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Six giant movies. Two long narrative arcs tied together in a tidy bow. The Middle Earth dual trilogy is Peter Jackson’s masterpiece.

What Happens at Erebor...

A Lake-towner among the elf army
A Lake-towner among the elf army

We begin where we left off. I think I could have had fun at The Hobbit: The Battle of the Five Armies even if I hadn’t seen the other films in the series, but it probably helps to know who Bilbo the hobbit (Martin Freeman) and Gandalf the wizard (Ian McKellen) are.

A dragon is attacking Lake-town and the citizens are fleeing. A man named Bard (Luke Evans) shoots down the dragon with a giant black iron arrow and a little help from his brave son.

Meanwhile, ten dwarfs and a hobbit are searching the dragon’s hoard in a vast mountain hall for a specific gem called the Arkenstone. The dwarf king Thorin (Richard Armitage) is becoming obsessed with their new-found massive treasure.

When news of the dragon’s death spreads, suddenly everyone in Middle Earth sends an army to the mountain to claim a share of the dragon’s treasure. First to arrive are the fishermen from the newly devastated Lake-town. The elves arrive next and offer aid to the townspeople ... and also hope to recover some stolen gems from the hoard.

King Thorin’s court and the hobbit are ashamed that their king isn’t helping the people outside (they call his greed “dragon sickness”), but they follow him loyally.

Actually... Bilbo, who’s had the Arkenstone all along, sneaks out and he gives it to the leaders of the assembled groups outside the gates, hoping that the bargaining chip will avert a battle in favor of negotiations.

Before that can transpire, an army of orcs arrives. The elves and dwarves join forces to fight them.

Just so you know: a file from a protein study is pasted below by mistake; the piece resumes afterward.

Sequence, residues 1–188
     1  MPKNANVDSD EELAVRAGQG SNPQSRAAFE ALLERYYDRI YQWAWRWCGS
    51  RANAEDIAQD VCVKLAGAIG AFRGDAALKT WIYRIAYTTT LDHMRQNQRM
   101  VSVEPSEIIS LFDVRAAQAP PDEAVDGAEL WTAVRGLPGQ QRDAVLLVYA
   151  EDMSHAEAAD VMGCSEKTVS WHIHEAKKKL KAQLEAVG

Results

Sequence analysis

Excitement and Bookkeeping

For sheer fun, I think I preferred the previous film, The Desolation of Smaug, with exciting escapes, the tension of meeting the dragon, and the novelty of quaint, rustic Lake-town. In The Battle of the Five Armies the story requires a bit more bookkeeping, and no important new characters or places introduced.

Still, The Battle of the Five Armies offers sustained excitement at many scales. We see ranks of elves and their precision movements; ranks of dwarves moving a more haphazardly yet still forming an impenetrable wall with their shields. But then we also follow the fates of certain fighters in their one-on-one confrontations with notorious enemies such as Azog and Bolg (Manu Bennett and Lawrence Makoare).

When the fighting runs out and the good guys begin to mourn their dead, my audience started to leave.

But the title character still has a final scene, traveling back home with Gandalf. Jackson ends The Hobbit where he began The Lord of the Rings, inviting geeks everywhere to sit on their asses for fifteen hours straight as they watch the pair of trilogies back to back.

Descended from Video Games

In time, I suspect that The Hobbit will look dated. I’m already a little tired of the video-game aesthetic in big-budget movies. The Battle of the Five Armies seems to be entirely set at night, or under a smoky sky, lit with unnatural orange-red light. The look is justified and appropriate, but its visual ancestors are more computer games than epic cinema. They feel more at home on my laptop than in a dark theater.

Will Thorin’s head trip look as good as Dumbo’s in 70 years? Will Saturday night crowds be quoting along when Gandalf recites the Middle Earth names with great solemnity and foreboding?

For now, who cares? The Battle of the Five Armies is as good as big-budget fantasy filmmaking gets in 2014. So if that holds any appeal to you, get out there and see it.